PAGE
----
AB7 is the brightest white star at the centre of the cavity within the nebula, not the brighter reddish star. False colour image: red is HI; green is OIII; blue is HeIII.
Epoch J2000.0 Equinox J2000.0
|Right ascension||01h 03m 35.93s|
|Declination||−72° 03′ 22.0″|
|Apparent magnitude (V)||13.016|
|Spectral type||WN4 + O6I(f)|
|U−B color index||-1.21|
|B−V color index||-0.62|
|Radial velocity (Rv)||172 km/s|
|Absolute magnitude (MV)||−6.1 (−4.4 + −5.7)|
|Period (P)||19.560±0.0005 days|
|Semi-major axis (a)||132 R☉|
|Periastron epoch (T)||2451549.2±0.8|
|Argument of periastron (ω)
|Surface gravity (log g)||4.7 cgs|
|Surface gravity (log g)||3.6 cgs|
|Rotational velocity (v sin i)||150 km/s|
AB7, also known as SMC WR7, is a binary star in the Small Magellanic Cloud. A Wolf-Rayet star and a supergiant companion of spectral type O orbit in a period of 19.56 days. The system is surrounded by a ring-shaped nebula known as a bubble nebula.
AB7 was first listed by Azzopardi and Vigneau as a probable member of the Small Magellanic Cloud and noted to be a Wolf Rayet star. It was numbered 336a, the "a" meaning it is an addition between 336 and 337 of the existing catalogue. The catalogue stars are referred to with the acronym Az or AzV, so AB7 is also called AzV 336a. A close companion is noted although at the distance of the SMC it is not really that close and not physically related.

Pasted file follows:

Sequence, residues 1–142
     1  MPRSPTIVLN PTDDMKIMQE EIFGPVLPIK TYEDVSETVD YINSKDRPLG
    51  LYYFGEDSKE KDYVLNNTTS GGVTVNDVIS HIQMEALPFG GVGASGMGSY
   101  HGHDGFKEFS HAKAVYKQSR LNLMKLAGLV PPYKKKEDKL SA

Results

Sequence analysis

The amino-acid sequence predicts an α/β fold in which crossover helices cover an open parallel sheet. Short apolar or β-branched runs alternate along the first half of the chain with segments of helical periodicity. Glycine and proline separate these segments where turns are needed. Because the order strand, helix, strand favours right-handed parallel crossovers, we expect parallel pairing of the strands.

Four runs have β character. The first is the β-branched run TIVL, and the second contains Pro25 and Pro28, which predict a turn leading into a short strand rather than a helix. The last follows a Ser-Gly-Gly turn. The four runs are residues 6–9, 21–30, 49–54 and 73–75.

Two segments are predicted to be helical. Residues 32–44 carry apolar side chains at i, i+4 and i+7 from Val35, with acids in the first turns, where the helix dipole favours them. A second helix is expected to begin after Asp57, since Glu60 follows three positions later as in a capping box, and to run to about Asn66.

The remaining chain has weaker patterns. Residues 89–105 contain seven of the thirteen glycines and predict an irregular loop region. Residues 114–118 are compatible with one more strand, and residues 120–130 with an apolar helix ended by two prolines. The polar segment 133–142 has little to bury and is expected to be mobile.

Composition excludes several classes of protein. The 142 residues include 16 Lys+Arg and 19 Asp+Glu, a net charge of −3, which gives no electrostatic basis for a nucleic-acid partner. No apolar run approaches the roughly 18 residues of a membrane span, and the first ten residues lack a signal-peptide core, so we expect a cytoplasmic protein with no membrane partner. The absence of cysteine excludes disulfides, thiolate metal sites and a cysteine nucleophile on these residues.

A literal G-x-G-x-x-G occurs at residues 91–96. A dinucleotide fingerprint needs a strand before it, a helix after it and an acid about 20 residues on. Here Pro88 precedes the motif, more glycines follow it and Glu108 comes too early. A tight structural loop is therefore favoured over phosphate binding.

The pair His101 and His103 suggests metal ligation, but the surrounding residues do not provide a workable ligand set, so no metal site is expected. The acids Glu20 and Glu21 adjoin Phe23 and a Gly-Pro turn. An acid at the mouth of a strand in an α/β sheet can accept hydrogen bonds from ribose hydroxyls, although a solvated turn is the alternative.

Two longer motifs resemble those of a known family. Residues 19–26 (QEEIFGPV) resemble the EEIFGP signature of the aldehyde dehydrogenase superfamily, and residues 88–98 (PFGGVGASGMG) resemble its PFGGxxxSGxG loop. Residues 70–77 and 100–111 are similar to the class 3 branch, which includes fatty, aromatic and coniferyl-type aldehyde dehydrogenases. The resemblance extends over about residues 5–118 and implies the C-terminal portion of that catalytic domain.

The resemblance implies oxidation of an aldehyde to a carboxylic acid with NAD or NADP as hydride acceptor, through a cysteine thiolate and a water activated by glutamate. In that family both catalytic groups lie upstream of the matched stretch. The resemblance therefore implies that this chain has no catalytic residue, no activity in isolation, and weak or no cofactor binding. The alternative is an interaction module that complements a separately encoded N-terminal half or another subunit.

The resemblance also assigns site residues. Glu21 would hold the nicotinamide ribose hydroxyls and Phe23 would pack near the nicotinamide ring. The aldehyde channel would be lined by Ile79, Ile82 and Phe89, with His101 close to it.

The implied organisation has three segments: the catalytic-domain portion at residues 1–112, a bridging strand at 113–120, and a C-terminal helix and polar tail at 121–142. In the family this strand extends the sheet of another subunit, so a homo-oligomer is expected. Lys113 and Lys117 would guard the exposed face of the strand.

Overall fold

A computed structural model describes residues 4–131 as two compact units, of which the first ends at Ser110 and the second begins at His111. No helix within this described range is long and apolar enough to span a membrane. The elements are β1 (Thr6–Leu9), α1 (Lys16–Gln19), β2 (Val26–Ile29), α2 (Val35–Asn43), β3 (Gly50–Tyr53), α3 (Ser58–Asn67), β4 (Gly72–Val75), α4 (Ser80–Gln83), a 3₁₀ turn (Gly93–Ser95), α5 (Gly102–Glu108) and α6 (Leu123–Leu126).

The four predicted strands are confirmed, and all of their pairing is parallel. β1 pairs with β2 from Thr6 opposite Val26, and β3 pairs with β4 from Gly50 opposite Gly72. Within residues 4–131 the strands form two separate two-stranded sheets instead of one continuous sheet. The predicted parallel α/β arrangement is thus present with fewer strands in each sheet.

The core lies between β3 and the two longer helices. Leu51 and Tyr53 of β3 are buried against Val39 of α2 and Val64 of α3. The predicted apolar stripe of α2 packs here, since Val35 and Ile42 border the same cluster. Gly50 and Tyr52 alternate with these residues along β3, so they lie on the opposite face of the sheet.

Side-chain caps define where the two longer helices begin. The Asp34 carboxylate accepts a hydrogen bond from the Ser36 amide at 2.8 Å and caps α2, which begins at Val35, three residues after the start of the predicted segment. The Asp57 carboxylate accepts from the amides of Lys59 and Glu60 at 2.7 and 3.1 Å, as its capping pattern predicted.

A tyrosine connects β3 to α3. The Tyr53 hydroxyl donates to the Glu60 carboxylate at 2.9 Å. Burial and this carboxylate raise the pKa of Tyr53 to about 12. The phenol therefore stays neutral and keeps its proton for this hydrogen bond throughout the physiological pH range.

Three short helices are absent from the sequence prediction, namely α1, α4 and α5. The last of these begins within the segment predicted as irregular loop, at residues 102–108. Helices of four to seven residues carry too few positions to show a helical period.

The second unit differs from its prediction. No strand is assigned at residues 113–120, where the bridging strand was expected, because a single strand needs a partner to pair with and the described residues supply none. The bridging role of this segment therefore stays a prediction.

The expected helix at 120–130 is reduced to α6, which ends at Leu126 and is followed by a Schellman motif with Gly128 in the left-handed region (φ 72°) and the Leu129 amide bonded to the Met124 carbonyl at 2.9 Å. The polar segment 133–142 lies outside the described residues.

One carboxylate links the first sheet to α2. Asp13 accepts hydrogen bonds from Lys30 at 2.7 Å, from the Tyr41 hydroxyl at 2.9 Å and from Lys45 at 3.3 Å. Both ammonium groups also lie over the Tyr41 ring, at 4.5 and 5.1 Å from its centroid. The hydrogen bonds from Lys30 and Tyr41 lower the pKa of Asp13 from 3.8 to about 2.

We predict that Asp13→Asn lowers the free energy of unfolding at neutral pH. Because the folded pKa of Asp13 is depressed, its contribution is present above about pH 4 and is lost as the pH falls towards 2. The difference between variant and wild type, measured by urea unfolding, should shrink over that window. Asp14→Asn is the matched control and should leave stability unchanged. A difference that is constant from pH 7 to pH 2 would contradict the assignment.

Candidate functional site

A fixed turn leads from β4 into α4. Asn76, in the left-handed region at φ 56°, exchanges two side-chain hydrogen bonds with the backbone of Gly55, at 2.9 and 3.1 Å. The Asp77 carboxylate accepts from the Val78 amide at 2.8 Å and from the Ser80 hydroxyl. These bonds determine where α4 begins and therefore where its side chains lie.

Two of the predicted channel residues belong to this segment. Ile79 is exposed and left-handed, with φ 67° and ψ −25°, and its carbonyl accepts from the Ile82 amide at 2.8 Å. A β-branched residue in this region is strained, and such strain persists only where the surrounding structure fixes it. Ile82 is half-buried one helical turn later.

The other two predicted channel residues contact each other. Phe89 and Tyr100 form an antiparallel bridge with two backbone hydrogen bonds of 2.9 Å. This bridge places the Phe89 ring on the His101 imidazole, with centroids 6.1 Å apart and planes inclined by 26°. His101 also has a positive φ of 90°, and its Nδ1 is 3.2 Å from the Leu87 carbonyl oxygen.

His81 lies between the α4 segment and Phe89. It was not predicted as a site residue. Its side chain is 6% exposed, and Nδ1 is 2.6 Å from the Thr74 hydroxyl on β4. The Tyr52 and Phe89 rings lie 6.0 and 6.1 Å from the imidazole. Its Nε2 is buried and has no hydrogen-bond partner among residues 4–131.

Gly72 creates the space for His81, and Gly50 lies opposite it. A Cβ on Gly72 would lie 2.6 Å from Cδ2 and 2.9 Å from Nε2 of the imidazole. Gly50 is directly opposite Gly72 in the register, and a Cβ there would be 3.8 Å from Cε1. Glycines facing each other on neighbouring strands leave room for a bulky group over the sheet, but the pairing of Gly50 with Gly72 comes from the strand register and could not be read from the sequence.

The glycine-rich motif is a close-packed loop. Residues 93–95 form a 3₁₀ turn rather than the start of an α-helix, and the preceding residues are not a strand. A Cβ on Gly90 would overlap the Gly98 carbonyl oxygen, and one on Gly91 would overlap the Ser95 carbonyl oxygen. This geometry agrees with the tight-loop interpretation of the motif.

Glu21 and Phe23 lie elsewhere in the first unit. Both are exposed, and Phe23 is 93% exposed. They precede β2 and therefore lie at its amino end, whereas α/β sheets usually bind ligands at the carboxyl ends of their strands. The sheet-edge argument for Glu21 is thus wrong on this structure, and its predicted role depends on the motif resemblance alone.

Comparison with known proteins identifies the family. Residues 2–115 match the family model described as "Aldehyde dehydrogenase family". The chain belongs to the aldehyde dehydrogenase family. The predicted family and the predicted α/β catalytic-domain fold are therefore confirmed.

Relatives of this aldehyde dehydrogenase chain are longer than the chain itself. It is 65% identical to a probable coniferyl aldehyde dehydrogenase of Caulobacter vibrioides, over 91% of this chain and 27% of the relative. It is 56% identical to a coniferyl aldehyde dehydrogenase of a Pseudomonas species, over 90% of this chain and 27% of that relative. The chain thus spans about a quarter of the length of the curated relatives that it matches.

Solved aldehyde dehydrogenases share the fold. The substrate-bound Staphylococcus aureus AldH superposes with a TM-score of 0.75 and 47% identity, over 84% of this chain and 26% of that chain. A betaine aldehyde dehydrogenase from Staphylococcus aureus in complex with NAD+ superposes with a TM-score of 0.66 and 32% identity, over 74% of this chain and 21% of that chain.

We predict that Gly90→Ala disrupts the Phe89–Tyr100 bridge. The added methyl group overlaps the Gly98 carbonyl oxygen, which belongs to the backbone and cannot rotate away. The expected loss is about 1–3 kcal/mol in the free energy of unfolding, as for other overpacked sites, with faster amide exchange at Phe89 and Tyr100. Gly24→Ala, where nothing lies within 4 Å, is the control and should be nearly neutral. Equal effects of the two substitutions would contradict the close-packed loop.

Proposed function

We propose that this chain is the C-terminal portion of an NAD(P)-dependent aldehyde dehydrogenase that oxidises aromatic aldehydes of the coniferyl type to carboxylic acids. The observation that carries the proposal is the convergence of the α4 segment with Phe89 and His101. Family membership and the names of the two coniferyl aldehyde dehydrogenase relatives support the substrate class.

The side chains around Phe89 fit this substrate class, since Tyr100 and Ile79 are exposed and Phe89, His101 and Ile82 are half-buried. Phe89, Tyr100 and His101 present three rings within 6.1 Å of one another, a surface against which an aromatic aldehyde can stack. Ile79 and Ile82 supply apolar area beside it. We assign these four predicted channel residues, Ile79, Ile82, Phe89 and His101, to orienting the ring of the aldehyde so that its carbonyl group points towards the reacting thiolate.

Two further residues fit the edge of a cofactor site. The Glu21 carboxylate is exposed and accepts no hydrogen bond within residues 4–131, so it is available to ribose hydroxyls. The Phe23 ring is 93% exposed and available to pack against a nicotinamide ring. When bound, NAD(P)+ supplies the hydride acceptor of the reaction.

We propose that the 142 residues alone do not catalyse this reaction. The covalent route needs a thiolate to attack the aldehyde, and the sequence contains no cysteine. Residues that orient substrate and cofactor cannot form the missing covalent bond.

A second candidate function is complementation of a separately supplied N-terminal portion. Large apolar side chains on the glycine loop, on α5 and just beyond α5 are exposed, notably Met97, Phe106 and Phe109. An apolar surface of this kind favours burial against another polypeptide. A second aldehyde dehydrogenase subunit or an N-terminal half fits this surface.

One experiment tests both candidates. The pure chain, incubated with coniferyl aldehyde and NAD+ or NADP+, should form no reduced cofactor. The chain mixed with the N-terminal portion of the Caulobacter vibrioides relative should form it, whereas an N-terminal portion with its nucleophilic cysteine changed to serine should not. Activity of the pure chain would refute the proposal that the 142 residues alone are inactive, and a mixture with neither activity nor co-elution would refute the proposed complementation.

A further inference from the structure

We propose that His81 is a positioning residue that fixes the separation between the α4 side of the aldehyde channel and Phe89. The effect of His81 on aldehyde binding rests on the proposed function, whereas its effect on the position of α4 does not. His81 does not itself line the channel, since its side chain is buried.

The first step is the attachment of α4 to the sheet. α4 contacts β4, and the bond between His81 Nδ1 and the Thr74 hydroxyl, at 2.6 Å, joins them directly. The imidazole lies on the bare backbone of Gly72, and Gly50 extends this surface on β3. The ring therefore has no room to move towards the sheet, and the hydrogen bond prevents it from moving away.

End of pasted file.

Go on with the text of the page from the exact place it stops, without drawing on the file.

The definitive catalogue of Wolf Rayet stars in the SMC was published shortly after by Azzopardi and Breysacher, with AB7 the seventh out of a grand total of eight stars. These are referred to as SMC WR stars, or SMC AB, or more commonly just AB.
AB7 lies at the centre of a bubble nebula shaped and ionised by powerful stellar winds from the stars within it. The nebula was first catalogued as the N76 and N76A Hα emission line nebulae. N76A is the brighter portion of the larger round N76 nebula towards bottom left in the images and N76B is the detached knot at bottom right. N76 lies between two other prominent HII regions: the larger brighter N66, which contains the unusual HD 5980 LBV/WR/O triple system; and the fainter N78.
The nebula was catalogued at radio wavelengths as SMC DEM 123 and 124, corresponding to N76A and N76 respectively. DEM 124 is described as a shell surrounding DEM 123.
N76 is an HII region about 5 arc-minutes wide, 40-50 parsecs. It has the appearance of a ring but is actually an approximately spherical shell, interstellar material sculpted and ionised by the winds of the central stars, similar to a planetary nebula but much larger. It also contains both singly and doubly ionised helium. Such HeII regions are rare and indicate an extremely hot ionising star. They are found only around a few of the hottest types of Wolf Rayet star.